All of us, those who follow cricket with more just than interest but passion would have indulged in building a best World XI team at some point in time. If the 1st unanimous name one would pencil in the Test team was Don Bradman, the 1st unanimous name one would pencil in for the ODI team was Sachin Tendulkar. While most in our generation would not have the privilege of watching the great Don play, we have 1st hand experience of watching Sachin play & now, for the rest of our lives, would have to draw on this experience given his retirement from the stage he made his own. A quick glance at numbers tells us why. Over 18,000 runs scored at an average nearing 45 at a strike rate over 85. Toss in 49 centuries, over 60 man of the match awards, 150 wickets & the mind boggles at the sheer enormity of the numbers. However, numbers alone do not do justice to Sachin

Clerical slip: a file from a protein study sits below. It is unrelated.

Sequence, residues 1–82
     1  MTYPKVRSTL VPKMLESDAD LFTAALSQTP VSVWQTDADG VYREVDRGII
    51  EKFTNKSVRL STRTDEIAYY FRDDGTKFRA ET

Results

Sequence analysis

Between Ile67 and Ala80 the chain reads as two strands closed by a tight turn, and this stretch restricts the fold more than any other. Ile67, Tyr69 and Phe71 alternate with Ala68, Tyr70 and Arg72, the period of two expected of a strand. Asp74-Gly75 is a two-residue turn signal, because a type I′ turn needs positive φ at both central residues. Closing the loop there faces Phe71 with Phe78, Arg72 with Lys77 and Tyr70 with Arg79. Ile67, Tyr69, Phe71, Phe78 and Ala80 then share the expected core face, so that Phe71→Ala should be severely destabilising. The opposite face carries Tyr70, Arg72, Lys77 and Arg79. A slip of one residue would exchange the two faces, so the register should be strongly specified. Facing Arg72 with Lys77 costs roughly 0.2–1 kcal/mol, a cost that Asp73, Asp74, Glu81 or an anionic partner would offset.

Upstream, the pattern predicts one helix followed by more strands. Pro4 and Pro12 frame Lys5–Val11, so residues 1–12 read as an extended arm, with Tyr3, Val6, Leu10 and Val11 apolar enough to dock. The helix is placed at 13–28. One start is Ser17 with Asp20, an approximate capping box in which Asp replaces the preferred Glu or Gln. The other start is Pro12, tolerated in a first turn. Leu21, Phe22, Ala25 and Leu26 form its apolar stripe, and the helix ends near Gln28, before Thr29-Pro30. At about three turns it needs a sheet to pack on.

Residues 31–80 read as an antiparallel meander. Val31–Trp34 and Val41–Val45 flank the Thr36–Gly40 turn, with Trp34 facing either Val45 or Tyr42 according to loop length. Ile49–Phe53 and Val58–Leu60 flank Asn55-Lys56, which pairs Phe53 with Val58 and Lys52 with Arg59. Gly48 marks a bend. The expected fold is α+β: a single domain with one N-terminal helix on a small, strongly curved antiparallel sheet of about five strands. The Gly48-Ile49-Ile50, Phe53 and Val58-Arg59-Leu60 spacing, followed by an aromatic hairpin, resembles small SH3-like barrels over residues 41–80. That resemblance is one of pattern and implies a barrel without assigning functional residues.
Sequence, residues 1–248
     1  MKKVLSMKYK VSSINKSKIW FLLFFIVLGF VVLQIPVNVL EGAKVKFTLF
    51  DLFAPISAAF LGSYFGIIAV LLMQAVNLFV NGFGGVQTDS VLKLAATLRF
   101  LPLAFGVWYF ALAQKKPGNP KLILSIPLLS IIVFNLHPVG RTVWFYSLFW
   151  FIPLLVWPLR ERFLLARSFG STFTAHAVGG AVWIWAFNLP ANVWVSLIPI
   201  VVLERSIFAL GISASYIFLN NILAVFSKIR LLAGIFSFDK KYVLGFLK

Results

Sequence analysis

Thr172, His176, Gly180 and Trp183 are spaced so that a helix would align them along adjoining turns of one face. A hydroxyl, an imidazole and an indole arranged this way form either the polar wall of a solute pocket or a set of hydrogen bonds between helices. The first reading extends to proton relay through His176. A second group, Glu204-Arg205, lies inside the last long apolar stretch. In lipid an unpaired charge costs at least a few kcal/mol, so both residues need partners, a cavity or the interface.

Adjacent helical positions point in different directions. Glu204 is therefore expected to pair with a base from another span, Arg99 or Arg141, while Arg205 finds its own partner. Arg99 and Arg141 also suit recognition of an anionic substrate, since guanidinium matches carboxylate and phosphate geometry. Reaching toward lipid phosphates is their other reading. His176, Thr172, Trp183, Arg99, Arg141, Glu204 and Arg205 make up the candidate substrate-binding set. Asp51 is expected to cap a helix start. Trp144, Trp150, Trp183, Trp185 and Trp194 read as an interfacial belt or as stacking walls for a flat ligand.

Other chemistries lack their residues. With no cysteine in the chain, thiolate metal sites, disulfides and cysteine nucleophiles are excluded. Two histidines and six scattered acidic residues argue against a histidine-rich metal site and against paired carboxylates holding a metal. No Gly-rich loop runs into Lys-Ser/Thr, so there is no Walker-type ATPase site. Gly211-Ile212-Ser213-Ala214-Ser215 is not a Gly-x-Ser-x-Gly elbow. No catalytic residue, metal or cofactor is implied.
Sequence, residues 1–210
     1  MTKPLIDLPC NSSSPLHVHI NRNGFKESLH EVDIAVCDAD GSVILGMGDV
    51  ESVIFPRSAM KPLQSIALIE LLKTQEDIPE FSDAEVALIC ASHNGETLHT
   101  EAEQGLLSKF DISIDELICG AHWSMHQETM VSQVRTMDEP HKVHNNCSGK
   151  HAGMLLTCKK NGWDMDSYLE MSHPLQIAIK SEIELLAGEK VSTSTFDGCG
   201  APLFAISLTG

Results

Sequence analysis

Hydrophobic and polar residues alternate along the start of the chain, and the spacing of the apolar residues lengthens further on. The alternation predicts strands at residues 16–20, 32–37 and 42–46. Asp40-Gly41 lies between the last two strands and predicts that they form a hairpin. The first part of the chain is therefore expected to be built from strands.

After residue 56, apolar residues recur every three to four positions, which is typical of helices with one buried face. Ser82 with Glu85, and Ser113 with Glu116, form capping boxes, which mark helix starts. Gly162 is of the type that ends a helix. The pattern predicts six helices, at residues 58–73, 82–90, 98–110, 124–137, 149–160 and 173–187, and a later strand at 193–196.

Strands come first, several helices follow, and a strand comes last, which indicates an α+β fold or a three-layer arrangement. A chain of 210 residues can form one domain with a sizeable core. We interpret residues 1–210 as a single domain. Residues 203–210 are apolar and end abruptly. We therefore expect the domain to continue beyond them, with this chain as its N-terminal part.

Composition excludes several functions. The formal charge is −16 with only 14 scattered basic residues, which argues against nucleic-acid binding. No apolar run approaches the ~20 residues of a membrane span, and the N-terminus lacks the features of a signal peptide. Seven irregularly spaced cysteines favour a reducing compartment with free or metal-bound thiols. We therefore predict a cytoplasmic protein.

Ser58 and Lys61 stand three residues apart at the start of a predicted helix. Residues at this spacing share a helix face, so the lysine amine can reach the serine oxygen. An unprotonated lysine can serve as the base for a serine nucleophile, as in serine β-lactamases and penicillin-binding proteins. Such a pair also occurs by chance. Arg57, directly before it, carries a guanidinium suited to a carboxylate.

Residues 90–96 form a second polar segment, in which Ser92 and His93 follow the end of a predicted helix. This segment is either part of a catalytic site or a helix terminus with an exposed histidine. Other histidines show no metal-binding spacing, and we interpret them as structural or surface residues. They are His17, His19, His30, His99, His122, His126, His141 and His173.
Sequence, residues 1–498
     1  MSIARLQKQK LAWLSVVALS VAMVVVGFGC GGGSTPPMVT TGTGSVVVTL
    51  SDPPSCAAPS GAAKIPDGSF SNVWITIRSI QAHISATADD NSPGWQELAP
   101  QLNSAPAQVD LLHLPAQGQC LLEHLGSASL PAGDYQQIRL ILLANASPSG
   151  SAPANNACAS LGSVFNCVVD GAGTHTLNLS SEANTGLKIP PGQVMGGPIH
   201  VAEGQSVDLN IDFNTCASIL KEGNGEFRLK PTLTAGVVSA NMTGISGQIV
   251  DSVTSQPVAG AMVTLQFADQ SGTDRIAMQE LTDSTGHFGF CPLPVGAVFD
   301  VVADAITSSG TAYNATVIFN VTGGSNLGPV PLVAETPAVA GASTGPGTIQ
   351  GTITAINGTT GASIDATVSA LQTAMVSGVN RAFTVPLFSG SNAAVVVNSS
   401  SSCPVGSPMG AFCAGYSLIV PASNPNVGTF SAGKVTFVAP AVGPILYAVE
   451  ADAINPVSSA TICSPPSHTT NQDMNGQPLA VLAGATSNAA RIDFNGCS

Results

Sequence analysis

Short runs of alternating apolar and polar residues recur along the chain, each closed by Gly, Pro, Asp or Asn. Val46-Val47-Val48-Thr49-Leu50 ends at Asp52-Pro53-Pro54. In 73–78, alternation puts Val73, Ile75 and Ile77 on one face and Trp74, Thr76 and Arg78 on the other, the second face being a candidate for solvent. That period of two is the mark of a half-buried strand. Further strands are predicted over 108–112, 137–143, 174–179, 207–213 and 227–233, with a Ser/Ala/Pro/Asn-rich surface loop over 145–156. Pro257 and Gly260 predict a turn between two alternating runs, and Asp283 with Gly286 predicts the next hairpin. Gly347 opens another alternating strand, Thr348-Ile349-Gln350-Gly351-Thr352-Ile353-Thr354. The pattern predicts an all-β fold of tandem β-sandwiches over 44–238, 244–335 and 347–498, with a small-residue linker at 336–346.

My earliest memory of cricket or Sachin (The two are entwined in my mind forever) was during the 1992 WC. It was a match with NZ. I was woken up by the excited murmurings of an uncle at home (this at around 4-5AM in the morning) to see a tiny batsman reach out & guide a full delivery to point. I don’t remember if the ball went for a boundary or not but I do remember the batsman & ended up slavishly follow him for the best part of my life. As cricket grew to occupy an important part of my life, especially with Indian wins, Sachin proved to be the driver of that. Given the pre-internet, pre-cable days at home, I ended up following Sachin through newspaper scorecards (even the limited information on the scorecards could tell immense stories for a highly imaginative 10 year old), highlights on DD (for India games) & cross cable connection (getting feed from someone else’s cable feed when their cable wire would cross your TV wire or as we called it “thiruttu” cable) (for overseas tours). It was through the grainy images of the thiruttu cable that I got to see Sachin’s audition for the opening slot. I would like to say that I caught that innings from ball 1. Sadly, I switched on the TV as I was getting ready to go to school & saw Sachin walking back towards the pavilion with the scorecard under him reading 82(49) which due to the graininess I read as 52(69). That sure was one way to downplay the greatest move for Indian ODI cricket. To paraphrase Neil Armstrong, one small shuffle up the order for Sachin, a large shuffle up the cricketing order for India. One day cricket has never been the same for India since that fateful day & the rest is history.